herald

Tuesday 6 December 2016

Ireland set to probe Facebook following Court ruling on data

Max Schrems challenged Facebook over the transfer of his personal information to American intelligence agencies
Max Schrems challenged Facebook over the transfer of his personal information to American intelligence agencies

IRELAND's Data Protection Commissioner must now make a decision whether or not to suspend the transfer of data belonging to Facebook's European subscribers to the US.

It comes after the European Court of Justice (ECJ) ruled today that an agreement which gave US spy chiefs access to the online data of millions of citizens is invalid.

Austrian privacy campaigner Max Schrems challenged the Safe Harbour treaty in his fight to expose what information Facebook gave to American intelligence agencies.

In June of that year, Schrems filed a complaint with the Irish Data Protection Commissioner (DPC) disputing the level of privacy protection given to personal data about him held in the US by Facebook.

He made the complaint in Ireland because Facebook's European headquarters is here, putting its interactions with citizens of any EU country under Irish data protection law.

Mr Schrems claimed Ireland's data watchdog had an onus to uncover what information Facebook held on users and ultimately what was being transferred to the US under Safe Harbour and being accessed through US surveillance.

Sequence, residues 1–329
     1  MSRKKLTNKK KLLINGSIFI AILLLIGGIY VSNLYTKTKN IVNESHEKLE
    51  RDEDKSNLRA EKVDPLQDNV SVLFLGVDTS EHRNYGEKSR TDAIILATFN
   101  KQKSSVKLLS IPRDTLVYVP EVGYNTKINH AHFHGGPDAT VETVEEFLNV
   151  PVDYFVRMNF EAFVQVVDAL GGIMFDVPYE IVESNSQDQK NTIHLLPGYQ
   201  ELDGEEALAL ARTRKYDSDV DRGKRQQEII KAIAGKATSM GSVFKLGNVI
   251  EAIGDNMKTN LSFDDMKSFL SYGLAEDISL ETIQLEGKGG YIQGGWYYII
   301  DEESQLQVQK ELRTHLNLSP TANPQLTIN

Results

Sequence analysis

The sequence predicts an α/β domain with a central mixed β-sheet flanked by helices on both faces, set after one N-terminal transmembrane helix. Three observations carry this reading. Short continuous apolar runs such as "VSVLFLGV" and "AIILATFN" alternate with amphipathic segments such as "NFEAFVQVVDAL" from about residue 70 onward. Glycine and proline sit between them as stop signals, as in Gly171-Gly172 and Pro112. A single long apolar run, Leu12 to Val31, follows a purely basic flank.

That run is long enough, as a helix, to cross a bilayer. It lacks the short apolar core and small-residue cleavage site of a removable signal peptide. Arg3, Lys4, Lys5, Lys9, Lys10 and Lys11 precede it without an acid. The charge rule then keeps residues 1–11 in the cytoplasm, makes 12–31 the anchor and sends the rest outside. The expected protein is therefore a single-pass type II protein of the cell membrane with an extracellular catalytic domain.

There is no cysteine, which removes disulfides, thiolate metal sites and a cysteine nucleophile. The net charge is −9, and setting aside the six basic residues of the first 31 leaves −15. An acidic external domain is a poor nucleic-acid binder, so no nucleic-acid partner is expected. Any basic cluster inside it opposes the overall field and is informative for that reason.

After the DPC rejected the complaint, Schrems appealed to Europe.

This morning, the ECJ found that legislation allowing the authorities access to the content of electronic communications compromised the fundamental right to respect for private life.

The judgment said: "The court declares the Safe Harbour decision invalid."

SURVEILLANCE

Mr Schrems's legal battle over Safe Harbour was sparked by Edward Snowden's revelations over the US National Security Agency (NSA)'s Prism surveillance system, which allowed spies to access enormous amounts of data from global tech companies.

Today's judgment said that national security, public interest and law enforcement requirements of the United States prevail over the Safe Harbour scheme, so that US undertakings are bound to disregard the protective rules laid down by that scheme where they conflict with such requirements.

"This judgment has the consequence that the Irish supervisory authority is required to examine Mr Schrems' complaint with all due diligence and ... to decide whether ... transfer of the data of Facebook's European subscribers to the US should be suspended on the ground that that country does not afford an adequate level of protection of personal data," the ECJ said.

Data Protection Commissioner Helen Dixon welcomed the judgment, saying it "reiterated the fundamental importance attaching to the right of individuals to the protection of their personal data."

The judgment will now be considered by the Irish High Court. Ms Dixon added that she would engage with other commissioners in Europe in relation to the ruling.

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